Honestly, the parallels draw themselves. It’s built into the history. My editor and I agreed immediately that we had an opportunity in the political climate of 1969-70, that exploring it would resonate with today’s readers. I wanted the book to reflect the actual history of the period and the people most affected by it. It was very important to me that Terry have a friend group of her own and that the book wasn’t showing us all this through the lens of straight white men (which is how I think we often get stories of the Vietnam era).

When it came to revealing elements such as why Terry named her daughter Jane, or Alice having early sightings of the Demogorgon, were those your creative decisions? Or were you given details that had to be weaved in but you’d decide when and where?

The Duffer Brothers and Netflix were incredibly generous in giving me freedom to tell the story I wanted to. Both those things were ideas I had — along with Eleven/Jane’s father — that I pitched in the outline stage. We had a staff writer on the show, Paul Dichter, working with us closely as a consultant to make sure everything fit the vision of the show. It was a great collaborative experience.

Friendship plays a huge part in the Stranger Things storyline and we see that in the novel too, but with a female twist. The Fellowship is heavily female and diverse, with Terry being a white college student, Gloria being a black, gifted biology student, Alice is an engineering wiz, and then the enigma that is Ken. How did you come up with each of these characters?

I love them all so much. Unusually for me, these characters really emerged almost fully formed on the page. I still remember writing the elevator scene with Alice, when she and Terry meet, and just feeling like I knew her right away. She and Gloria were among the first ideas I had for the book, thinking about who Terry might meet at the lab. Alice was initially inspired by Bloomington’s most famous movie, Breaking Away, which is why she comes from a family of stonies, aka limestone quarry workers. And I did consult a comic book historian friend about which comics Gloria might have been reading (he generously sent me a long list of options, but early X-Men seemed perfect). Ken was added later in the outline stage, because I felt like something in the group dynamic was missing. I wanted them all to be fully realized and distinct.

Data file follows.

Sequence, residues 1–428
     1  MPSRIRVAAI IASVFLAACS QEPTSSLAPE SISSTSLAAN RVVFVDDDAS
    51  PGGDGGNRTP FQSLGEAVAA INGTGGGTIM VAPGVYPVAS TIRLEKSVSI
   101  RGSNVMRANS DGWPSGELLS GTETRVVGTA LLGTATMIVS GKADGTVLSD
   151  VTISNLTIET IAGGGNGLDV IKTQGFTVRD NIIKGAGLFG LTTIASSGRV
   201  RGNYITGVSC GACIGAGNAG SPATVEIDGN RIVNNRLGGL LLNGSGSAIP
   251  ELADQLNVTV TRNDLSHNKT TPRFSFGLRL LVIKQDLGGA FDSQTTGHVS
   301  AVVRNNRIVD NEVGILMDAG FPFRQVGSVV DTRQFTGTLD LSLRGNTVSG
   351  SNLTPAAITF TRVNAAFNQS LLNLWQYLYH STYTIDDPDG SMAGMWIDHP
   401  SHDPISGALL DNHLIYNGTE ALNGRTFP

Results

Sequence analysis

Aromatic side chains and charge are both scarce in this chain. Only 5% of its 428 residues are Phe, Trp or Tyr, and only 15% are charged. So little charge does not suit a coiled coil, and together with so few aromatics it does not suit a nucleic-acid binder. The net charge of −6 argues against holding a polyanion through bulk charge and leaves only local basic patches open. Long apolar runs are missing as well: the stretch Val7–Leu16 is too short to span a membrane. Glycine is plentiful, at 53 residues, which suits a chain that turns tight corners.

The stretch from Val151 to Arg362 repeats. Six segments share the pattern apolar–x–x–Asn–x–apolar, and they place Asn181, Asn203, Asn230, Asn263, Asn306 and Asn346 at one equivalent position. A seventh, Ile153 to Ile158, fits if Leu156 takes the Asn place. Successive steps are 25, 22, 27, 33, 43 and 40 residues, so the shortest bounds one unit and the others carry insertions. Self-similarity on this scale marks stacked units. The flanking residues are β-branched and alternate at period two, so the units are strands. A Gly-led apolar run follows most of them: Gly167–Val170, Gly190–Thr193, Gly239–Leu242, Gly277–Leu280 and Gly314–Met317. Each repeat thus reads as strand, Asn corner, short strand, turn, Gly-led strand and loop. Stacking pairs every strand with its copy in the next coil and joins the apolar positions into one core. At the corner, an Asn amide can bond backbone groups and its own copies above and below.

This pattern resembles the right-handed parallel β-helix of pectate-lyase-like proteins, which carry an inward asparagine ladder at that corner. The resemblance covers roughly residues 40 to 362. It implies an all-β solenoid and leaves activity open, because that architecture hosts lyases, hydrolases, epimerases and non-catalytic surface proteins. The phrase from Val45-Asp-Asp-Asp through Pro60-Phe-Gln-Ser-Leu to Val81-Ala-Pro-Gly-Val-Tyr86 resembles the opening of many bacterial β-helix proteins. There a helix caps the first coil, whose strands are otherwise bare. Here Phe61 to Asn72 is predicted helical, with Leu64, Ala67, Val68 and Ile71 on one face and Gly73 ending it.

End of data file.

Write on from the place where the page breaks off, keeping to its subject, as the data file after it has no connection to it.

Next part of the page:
We love that this group is primarily female — was that a decision you had before fully fleshing out the characters?

I’ve been dying to write a girl gang/squad so it was decided at the same time as I started creating them, really. I’m so grateful that Netflix agreed with this direction.

Upon finishing Suspicious Minds, I immediately thought there needs to be some kind of prequel to the show featuring Terry and the Fellowship. Would you have interest in seeing these characters on screen? (or perhaps… is there a plan for that already?)

I’d obviously love that — I did structure the book partly to feel like a season of television with the longer chapters. But no plans that I’m aware of. Cross your fingers.

Finally, what do you hope people take away from Stranger Minds: Suspicious Minds?

I hope it enriches their experience of the show and appreciation of Terry’s hero’s journey. And also, always have your own Fellowship and each other’s backs, because their are real-life Dr. Brenners out there.

Next. Everything you need to know about Stranger Things season 3. dark

Stranger Things: Suspicious Minds is available now. Netflix’s Stranger Things returns to Netflix for its third season on July 4.